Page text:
Heterogeneity in the outcomes of average fasting glycemic control and weight gain after enrollment might result from the various ethnic groups, study designs and entry criteria. The different gestational ages at enrollment might also result in heterogeneity in weight gain. Before we come into definite conclusions, several limitations should be considered in this meta-analysis. First, only a few studies fulfilled the inclusion criteria. Second, some important outcomes were not reported in every included study. Third, most of the studies included were open-label RCTs with high risk of performance and detection bias. Last but not least, the hypotheses for the studies were not the same. Rowan  used a superiority design to assess whether insulin was superior to metformin, while Tertti  designed a non-inferiority study to evaluate whether there was a difference of effect between the two treatments. Funnel plots were not used for assessing the publication bias in the meta-analysis in that the small number of included original studies render unreliable indicators of publication bias.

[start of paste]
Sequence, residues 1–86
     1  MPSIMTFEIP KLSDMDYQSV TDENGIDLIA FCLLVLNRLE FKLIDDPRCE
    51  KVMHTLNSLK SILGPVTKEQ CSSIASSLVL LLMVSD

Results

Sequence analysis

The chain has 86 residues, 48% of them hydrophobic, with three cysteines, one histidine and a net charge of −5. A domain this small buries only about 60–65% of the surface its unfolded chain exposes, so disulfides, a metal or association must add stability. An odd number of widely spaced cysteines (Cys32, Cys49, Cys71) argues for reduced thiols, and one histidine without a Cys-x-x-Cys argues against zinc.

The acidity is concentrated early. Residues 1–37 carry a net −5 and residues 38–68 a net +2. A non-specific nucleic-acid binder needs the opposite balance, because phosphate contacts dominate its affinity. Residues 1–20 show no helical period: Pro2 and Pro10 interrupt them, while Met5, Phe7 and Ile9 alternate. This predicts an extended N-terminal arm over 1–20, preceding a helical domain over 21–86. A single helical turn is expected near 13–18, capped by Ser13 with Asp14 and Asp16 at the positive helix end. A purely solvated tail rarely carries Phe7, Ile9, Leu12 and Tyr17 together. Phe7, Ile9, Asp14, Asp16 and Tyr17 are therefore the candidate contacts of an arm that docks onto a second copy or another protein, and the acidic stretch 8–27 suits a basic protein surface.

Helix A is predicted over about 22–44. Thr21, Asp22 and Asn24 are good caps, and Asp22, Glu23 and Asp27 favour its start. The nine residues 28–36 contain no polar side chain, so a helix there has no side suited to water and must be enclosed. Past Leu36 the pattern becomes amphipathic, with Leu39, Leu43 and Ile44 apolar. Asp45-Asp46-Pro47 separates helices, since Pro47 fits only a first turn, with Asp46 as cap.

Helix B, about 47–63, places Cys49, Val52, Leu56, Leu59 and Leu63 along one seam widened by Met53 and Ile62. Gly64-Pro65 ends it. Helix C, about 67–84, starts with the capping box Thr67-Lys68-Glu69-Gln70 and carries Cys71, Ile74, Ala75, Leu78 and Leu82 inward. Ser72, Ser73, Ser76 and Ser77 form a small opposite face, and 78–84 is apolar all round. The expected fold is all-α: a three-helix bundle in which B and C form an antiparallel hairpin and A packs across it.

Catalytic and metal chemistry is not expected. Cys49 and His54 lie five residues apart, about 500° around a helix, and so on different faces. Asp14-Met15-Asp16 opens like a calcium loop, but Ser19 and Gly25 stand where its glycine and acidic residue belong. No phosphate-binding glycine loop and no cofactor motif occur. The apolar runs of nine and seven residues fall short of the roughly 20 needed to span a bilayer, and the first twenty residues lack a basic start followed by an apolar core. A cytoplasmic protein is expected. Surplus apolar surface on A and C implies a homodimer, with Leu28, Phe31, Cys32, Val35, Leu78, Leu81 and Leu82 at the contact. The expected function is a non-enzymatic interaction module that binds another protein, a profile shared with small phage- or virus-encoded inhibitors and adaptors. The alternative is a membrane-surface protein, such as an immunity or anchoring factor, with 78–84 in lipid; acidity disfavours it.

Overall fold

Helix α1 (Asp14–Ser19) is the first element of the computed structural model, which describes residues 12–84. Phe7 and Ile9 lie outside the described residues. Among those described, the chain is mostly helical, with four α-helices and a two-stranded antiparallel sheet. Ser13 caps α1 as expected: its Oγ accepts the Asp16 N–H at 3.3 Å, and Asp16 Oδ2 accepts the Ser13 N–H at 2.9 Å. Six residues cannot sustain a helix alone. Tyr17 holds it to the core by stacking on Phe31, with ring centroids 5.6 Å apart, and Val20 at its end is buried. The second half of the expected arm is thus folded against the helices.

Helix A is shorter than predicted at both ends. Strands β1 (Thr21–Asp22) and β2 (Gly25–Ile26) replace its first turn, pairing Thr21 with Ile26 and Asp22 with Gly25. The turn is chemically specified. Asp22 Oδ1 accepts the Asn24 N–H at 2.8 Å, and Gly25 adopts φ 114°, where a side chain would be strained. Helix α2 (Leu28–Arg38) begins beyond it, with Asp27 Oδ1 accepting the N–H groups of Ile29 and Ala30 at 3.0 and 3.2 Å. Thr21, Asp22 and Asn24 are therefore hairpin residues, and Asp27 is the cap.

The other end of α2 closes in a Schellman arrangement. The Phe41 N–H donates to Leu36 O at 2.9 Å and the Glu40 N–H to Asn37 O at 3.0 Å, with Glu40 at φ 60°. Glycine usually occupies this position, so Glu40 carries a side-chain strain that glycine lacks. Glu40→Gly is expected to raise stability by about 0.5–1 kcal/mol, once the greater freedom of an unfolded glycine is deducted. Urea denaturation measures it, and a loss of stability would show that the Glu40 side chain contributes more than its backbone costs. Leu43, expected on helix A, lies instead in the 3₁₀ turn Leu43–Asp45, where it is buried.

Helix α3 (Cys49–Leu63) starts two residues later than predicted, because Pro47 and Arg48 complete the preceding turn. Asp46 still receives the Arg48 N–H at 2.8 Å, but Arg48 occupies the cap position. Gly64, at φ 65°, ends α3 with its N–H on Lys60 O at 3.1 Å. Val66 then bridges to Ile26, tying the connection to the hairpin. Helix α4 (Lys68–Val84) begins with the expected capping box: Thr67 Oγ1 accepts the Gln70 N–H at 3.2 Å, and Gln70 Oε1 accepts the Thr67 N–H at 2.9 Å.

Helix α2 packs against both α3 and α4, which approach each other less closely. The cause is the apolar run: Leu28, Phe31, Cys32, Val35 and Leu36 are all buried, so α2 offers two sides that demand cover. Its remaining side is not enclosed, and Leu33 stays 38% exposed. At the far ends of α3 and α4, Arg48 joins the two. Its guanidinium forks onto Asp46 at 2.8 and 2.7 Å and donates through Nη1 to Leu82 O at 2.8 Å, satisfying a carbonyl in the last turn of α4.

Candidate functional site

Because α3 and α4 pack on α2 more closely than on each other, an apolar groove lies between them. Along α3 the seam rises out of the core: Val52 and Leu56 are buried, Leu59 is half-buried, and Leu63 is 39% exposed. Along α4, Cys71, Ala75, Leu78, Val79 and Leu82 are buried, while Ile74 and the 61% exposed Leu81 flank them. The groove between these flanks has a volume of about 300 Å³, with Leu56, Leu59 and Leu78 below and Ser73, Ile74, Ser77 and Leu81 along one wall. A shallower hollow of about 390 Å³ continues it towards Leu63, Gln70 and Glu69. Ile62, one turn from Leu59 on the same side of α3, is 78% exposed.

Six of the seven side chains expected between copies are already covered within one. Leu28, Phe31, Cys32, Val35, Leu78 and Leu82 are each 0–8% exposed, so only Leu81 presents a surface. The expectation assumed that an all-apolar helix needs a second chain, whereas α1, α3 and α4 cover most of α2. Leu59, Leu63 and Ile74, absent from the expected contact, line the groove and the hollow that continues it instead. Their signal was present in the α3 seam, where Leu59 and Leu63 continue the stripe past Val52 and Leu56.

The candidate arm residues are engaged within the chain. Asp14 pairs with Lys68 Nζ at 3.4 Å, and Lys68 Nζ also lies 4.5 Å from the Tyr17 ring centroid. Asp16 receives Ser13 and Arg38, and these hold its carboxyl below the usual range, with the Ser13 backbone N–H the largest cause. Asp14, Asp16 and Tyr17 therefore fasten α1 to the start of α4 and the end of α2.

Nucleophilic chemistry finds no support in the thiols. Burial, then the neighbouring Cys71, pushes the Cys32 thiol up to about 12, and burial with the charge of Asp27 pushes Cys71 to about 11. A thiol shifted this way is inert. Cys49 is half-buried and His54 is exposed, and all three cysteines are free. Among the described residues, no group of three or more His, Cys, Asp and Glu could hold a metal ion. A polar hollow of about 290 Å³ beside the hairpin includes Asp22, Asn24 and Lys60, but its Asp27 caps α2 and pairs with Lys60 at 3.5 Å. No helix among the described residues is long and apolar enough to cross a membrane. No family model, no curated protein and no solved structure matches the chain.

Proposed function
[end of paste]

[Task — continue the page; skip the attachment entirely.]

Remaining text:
In conclusion, metformin could be used in women with GDM in view of the comparative glycemic control and neonatal outcomes, especially for those mild GDM patients. However, the risk of preterm birth could not be ignored. Clinicians should weigh in practice according to the condition of the patients. Further studies with larger sample sizes must be completely designed to assess maternal and neonatal complications and to evaluate long-term follow-up of children for the safety of metformin as a universal treatment in GDM patients.
Conceived and designed the experiments: JG LF. Performed the experiments: JG QL. Analyzed the data: JG QL. Contributed reagents/materials/analysis tools: LF. Wrote the paper: JG LF.